Frederiksen, N. (1984). Implications of cognitive theory for instruction in problem-solving. Review of Educational Research, 54(3), 363-407.
Galotti, K. M. (1994) Cognitive psychology in and out of the laboratory. California: Brooks/Cole.
King, A. (1994). Guiding knowledge construction in the classroom: Effects of teaching children how to question and how to explain. American Educational Research Journal, 31(2), 338-368.
Leahey, T. H., & Harris, R. J. (1993). Learning and cognition. (3rd ed.). NJ: Prentice-Hall.
Lonka, K., Lindblom-Ylainne, S., & Maury, S. (1994). The effect of study strategies on learning from text. Learning and Instruction, 4, 253-271.
Matlin, M.W. (1994). Cognition (3rd ed.). NY: Harcourt Brace.
McClelland, J. L., & Rumelhart, D. E. (1995). Parallel-Distributed Processing explorations in the microstructure of cognition. Vol. 2: Psychological and biological models. Massachusetts: MIT Press.
McCrindle, A. R., & Christensen, C. A. (1995). The impact of learning journals on metacognitive and cognitive processes and learning performance. Learning and Instruction, 5, 167-185.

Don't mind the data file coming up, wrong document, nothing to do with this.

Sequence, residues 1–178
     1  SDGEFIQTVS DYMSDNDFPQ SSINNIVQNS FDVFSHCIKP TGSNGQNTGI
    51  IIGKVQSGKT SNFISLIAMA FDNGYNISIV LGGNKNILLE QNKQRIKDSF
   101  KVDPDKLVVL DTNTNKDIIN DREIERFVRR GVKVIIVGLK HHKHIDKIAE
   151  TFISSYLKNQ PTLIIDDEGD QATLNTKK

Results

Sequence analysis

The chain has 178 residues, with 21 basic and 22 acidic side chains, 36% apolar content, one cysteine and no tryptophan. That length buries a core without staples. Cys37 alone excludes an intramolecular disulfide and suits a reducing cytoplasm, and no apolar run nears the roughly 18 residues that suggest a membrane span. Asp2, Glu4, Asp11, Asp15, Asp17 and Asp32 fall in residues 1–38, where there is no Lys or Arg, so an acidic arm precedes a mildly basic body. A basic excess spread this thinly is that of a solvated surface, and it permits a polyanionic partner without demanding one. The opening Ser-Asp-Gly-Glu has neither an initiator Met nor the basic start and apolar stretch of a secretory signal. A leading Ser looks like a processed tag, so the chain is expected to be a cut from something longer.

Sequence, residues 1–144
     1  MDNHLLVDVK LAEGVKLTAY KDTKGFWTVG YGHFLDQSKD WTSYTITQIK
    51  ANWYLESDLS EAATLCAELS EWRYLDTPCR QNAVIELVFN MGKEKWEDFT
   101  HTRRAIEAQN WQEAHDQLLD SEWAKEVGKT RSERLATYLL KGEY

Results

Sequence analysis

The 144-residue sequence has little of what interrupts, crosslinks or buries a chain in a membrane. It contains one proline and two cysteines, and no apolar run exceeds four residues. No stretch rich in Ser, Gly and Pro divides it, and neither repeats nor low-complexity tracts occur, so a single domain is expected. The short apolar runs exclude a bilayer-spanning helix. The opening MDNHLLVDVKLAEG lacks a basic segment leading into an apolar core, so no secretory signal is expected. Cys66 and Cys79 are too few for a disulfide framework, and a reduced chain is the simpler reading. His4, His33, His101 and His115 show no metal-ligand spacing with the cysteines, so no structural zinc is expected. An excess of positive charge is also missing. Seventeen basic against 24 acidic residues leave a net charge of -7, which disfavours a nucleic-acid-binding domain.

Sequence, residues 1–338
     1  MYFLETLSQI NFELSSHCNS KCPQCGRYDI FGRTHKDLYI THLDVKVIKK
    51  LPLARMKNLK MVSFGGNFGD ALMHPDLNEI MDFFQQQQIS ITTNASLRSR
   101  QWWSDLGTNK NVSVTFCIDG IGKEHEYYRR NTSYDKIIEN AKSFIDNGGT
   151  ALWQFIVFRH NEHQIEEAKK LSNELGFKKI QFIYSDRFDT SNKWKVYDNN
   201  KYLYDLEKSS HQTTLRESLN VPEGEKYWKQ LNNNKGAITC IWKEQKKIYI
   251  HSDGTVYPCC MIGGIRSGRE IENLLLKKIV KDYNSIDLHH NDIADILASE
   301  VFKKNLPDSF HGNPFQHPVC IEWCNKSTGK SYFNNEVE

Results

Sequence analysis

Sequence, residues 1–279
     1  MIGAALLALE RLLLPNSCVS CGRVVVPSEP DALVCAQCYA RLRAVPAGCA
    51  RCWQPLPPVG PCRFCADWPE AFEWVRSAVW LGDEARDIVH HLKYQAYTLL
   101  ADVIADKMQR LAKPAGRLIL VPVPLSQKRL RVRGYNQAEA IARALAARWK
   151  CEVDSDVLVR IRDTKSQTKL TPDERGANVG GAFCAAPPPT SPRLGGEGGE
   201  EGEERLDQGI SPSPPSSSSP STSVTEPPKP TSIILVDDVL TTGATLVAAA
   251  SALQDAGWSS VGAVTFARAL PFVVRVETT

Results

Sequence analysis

Neisser, U. (1967). Cognitive Psychology. NY: Appleton-Century-Crofts.
Pankratius, W. J. (1990). Building an organized knowledge base: Concept mapping and achievement in secondary school physics. Journal of Research in Science Teaching, 27(4), 315-333.
Reed, S. K. (1992) Cognition: Theory and applications. (3rd ed.). California: Brooks/Cole.
Schunk, D. H., & Zimmerman, B. J. (1997). Social origins of self-regulatory competence. Educational Psychologist, 32(4), 195-208.
Shuell, T. J. (1987). Cognitive psychology and conceptual change: Implications for teaching science. Science Education, 71(2), 239-250.
Shuell, T. J. (1992). Learning theory and instructional design: Engaging the learner in meaningful ways. Singapore Journal of Education, 12(2), 1-10.
Shuell, T. J. (1993). Toward an integrated theory of teaching and learning. Educational Psychologist, 28(4), 291-311.
Stewart, J. (1985). Cognitive science and science education. European Journal of Science Education, 7(1), 1-17.
Stewart, J., Finley, F., & Yarroch, W. (1982). Science content as an important consideration in science education research. Journal of Research in Science Teaching, 19(5), 425-432.
Weinstein, C. F., & Mayer, R. E. (1986). The teaching of learning strategies. In M. C. Wittrock (Ed.), Handbook of Research on Teaching. (3rd ed.), (pp. 315-327). New York: Macmillan.
Wheatley, G. H. (1991). Constructivist perspectives on science and mathematics learning. Science Education, 75(1), 9-21.